Allegro MicroSystems announces AxMR technology for magnetic sensor ICs

Allegro MicroSystems has launched AxMR technology, the culmination of more than five years of research and development. The investment contributes to Allegro’s mission to create a broad portfolio of magnetic sensor ICs for high growth applications within the automotive and industrial markets.

Allegro’s AxMR technology integrates high sensitivity magneto resistive (MR) sensor elements and high precision BiCMOS circuits on a single silicon IC. Allegro combines its automotive grade, high voltage wafer processes with high accuracy, automotive grade MR sensors. The result, says the company, is a family of high reliability, innovative, small form factor, monolithic ICs that easily fit into industry standard IC packages.

There are two parts to AxMR technology. Allegro’s AGMR technology was originally designed to withstand the rigorous under-the-hood automotive environment. AGMR technology is thermally stable to greater than 150 degree C, even in the presence of large magnetic fields. It is the basis for Allegro to expand its product offerings in speed, electrical current, and angle sensing applications.

“Hall-effect technology meets the needs of many applications in Allegro’s target markets, but there are certain applications, particularly in the areas of ADAS (advanced driver assistance systems) and high efficiency vehicles, where xMR technology offers more elegant solutions relative to Hall technology,” says Michael Doogue, vice president of business development, Allegro Microsystems. “In these applications, Allegro’s xMR ICs provide more accurate measurement data, enable more favourable mechanical placement of a sensor IC within a mechanical system, or create smaller form factor solutions with a lower overall cost.”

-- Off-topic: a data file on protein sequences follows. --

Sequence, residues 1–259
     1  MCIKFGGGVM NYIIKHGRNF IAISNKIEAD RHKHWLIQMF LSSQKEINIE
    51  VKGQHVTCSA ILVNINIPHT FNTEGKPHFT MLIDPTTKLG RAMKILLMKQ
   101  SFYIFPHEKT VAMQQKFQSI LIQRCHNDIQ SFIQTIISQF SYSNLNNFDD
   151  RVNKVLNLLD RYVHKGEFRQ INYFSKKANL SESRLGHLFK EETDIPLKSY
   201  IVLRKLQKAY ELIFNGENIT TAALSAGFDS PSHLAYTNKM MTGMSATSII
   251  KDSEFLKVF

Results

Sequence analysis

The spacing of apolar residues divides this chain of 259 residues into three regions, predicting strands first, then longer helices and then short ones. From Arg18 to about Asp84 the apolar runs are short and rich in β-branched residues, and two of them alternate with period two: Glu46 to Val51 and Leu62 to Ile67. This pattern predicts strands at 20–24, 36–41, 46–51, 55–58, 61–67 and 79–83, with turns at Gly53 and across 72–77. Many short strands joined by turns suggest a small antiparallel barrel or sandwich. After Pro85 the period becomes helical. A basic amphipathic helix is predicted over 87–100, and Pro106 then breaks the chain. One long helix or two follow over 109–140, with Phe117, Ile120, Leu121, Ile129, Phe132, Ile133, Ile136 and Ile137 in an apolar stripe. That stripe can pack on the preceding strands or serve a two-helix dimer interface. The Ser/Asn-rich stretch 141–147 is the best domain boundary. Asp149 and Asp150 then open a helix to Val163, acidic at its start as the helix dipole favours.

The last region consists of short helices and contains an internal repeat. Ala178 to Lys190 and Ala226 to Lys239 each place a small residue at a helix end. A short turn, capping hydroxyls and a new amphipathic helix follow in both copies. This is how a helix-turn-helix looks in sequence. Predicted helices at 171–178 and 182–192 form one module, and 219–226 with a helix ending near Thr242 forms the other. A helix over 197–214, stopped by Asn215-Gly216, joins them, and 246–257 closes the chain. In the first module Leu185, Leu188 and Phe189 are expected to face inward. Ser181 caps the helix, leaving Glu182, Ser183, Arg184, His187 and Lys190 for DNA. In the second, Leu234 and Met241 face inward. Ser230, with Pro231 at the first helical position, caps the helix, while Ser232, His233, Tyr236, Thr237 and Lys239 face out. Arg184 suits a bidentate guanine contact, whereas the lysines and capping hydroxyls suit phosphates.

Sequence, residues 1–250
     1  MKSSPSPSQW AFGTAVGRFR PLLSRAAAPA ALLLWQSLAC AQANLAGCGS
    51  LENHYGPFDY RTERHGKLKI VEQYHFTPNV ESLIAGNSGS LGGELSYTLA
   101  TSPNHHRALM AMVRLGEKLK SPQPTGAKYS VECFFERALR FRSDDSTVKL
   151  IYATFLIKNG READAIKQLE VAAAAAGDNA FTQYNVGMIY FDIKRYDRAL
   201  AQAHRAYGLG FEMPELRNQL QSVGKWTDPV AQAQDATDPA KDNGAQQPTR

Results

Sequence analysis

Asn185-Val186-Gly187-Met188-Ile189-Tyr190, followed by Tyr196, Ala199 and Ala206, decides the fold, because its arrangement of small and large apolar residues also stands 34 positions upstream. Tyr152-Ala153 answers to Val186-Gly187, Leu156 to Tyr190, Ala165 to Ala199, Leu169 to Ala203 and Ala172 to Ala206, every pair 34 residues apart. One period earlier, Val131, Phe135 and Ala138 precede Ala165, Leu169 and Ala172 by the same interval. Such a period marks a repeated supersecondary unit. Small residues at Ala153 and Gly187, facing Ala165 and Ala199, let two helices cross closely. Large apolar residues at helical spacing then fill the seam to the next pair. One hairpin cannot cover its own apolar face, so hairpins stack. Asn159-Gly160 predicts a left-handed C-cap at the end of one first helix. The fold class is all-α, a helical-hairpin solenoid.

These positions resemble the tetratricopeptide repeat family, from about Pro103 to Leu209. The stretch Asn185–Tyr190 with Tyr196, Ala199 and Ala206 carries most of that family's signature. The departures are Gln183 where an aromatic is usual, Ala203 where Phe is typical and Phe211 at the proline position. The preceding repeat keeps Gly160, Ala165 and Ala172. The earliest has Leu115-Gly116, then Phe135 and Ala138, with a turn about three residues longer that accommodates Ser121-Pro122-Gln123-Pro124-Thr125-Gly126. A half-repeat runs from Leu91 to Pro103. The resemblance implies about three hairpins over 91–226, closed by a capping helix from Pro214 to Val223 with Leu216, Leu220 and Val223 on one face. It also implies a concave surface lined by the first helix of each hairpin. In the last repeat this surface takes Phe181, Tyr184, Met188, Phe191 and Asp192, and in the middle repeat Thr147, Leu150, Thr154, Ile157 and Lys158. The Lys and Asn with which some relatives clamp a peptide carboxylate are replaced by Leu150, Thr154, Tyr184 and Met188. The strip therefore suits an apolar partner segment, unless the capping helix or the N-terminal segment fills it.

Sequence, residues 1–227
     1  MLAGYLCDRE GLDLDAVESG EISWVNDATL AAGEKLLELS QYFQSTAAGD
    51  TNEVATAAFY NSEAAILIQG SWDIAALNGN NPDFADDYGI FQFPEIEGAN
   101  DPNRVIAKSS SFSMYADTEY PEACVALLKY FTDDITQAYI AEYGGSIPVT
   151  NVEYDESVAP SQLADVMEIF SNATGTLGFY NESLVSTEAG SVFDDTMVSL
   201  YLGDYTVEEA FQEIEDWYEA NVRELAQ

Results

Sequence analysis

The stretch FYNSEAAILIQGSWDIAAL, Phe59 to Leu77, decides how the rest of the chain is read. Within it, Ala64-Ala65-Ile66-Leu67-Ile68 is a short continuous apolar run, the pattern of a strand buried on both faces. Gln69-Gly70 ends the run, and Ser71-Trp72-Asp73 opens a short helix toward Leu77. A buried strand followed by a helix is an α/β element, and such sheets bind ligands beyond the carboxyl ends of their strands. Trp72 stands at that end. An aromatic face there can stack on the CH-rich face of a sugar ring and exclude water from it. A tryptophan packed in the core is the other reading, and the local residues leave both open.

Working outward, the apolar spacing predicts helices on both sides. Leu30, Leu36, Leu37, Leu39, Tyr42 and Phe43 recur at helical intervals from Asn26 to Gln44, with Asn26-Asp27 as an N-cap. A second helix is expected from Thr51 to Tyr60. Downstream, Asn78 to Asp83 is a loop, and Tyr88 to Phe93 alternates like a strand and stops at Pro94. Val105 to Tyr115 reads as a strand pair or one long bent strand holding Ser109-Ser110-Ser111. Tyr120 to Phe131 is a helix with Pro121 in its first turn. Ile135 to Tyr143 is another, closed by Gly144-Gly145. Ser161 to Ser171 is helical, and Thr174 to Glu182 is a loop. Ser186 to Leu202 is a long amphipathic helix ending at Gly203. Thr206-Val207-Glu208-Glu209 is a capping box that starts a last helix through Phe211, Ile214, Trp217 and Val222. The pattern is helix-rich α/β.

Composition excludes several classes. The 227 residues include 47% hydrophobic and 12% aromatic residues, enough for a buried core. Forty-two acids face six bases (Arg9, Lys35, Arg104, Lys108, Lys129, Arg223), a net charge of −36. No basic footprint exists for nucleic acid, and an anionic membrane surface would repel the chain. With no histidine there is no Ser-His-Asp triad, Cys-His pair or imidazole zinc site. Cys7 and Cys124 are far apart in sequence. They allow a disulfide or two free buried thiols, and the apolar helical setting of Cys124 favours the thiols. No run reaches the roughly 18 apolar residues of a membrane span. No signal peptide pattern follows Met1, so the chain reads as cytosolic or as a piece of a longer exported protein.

Allegro’s first generation AxMR ring-magnet speed sensor ICs are already in production at a leading Tier 1 automotive supplier of wheel speed sensors. These ICs rely on Allegro’s patented signal processing algorithms to meet the needs of both standard and direction detection wheel speed sensor platforms. GMR technology enables low jitter rotational speed measurements that are not possible with Hall effect ICs.

Allegro is actively developing monolithic back-biased GMR sensors for advanced engine management and transmission gear speed sensing applications, where the same low jitter measurements and large air gap performance are essential for advanced powertrain system operation.

Allegro also recently released its first GMR-based current sensor IC, a device capable of resolving currents of less than 1.0mA. Allegro has also announced plans to leverage MR technology for monolithic current sensor ICs.

http://www.allegromicro.com